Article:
When she says, “it’s not your grandmother’s United Way”, Karen Kirkwood-Whyte knows what she’s talking about.
The veteran chief executive officer of the Chatham-Kent United Way said the non-profit world has changed since she first took the helm more than 30 years ago.
“The not-for-profit sector has changed tremendously and at a faster pace in recent years,” she said. “There is greater accountability and transparency than ever before and people are asking more questions. Those are all good things but they’ve forced us to make some changes which have taken time to percolate through the entire sector.”
A look at the United Way program expenses last year is a far cry from the days in which the group collected funds and distributed them to groups for programming.
In 2015, member agencies received $884,015 in funding while United Way Community Impact Programs received $845,536.
The year before, agencies received $954,880 and United Way programs received $802,811.
That doesn’t mean there is less money going to community groups.
“It’s all community,” Kirkwood-Whyte said. “Each and every program has to follow the same mission statement which is to improve lives and build community in Chatham-Kent,” she said.
During the past several years United Way has changed its handling of fund distribution.
“We’ve followed the lead of national in that we now have moved from agency funding to program funding.
“We had the incredible stroke of luck to have Jana Smith come and volunteer her considerable talent in program evaluation to us,” Kirkwood Whyte said.
Smith, a retiree from Calgary who moved to Chatham-Kent, said program software has been developed to track outcomes.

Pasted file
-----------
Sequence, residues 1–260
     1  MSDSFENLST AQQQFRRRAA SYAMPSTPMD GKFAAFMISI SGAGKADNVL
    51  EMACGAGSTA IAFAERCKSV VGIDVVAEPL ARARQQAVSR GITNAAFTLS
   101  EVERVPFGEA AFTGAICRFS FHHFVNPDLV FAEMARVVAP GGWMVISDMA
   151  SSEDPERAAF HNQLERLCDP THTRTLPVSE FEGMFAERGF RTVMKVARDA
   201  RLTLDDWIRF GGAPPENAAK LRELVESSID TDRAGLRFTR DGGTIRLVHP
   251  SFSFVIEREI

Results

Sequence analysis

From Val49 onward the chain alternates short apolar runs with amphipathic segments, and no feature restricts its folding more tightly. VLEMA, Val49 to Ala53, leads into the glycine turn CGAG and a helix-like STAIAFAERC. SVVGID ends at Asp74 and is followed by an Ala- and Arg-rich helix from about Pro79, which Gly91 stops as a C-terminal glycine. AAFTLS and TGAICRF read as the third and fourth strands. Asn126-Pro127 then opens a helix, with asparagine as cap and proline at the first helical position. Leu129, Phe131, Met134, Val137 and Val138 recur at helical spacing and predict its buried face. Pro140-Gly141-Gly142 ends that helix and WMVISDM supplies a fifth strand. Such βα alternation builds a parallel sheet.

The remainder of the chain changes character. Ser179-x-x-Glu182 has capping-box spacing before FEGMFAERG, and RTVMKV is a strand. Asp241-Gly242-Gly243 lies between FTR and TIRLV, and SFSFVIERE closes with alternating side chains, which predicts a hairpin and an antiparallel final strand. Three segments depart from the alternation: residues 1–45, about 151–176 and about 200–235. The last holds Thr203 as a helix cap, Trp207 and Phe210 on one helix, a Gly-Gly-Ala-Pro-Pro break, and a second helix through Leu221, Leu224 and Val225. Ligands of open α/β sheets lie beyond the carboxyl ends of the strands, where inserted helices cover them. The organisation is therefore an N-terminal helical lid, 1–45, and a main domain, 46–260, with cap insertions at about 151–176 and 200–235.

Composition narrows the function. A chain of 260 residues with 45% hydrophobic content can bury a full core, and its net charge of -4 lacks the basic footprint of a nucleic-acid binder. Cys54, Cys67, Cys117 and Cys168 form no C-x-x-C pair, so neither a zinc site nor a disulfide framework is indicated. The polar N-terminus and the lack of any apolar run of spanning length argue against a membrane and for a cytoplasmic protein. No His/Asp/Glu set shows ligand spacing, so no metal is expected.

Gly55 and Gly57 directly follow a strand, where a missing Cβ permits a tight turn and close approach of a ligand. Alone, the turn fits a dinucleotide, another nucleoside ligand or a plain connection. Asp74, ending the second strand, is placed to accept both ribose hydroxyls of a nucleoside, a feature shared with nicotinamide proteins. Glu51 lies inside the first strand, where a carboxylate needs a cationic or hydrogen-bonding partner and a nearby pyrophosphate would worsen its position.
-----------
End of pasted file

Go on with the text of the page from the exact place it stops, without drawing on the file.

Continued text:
“We’re in the process of making sure we have training in place so that we can track the effectiveness of what we’re doing,” she said. “It was developed so that even the smallest agency can provide information in an accurate and meaningful manner without a tremendous amount of time and effort.”
Kirkwood-Whyte said at a time when donors are more careful about their support, ensuring the money is spent wisely is even more important than ever before.
“If you can’t demonstrate that the money is being used in the way the donor intends, you won’t have a donor. They have very many options and that’s one more reason we’re grateful every time someone chooses us.”
Community Impact Director Helen Heath said the changes have been welcomed by agencies.
“At one time, an agency would hold an event or operate a program and if it attracted the number of people we thought it should, we considered it a success. Now we’re able to track outcomes, not just the number of people we sent through.”
Kirkwood-Whyte said the organization remains community driven.
“Our funds are raised by volunteers, our board is populated by volunteers and the decisions as to who is funded and for how much is made by volunteers. We have staff in place to assist them and do the things it takes full-time work to do, but we’re very much driven by the community.”
Board member Anita Markert said the level of passion shown by volunteers and staff attracted her to the position.
“These people have their finger on the pulse of the community and they aren’t just noting problems, they’re doing something about them.”
Heath said the United Way has always served as an incubator of sorts for programs.
Operation Red Nose (now Home James), NeighbourLink, Chatham-Kent Children’s Safety Village, East Side Pride and Habitat for Humanity are all programs that Kirkwood-Whyte said were “incubated, nurtured and subsequently divested.”
Other programs, which began with, and remain part of, United Way include Prosperity Roundtable, Chatham-Kent Nonprofit Network and Operation Cover-Up.
“It’s not about ownership or operation of programs,” Heath said. “If someone sees a need in the community and we can help, we’ll do our best.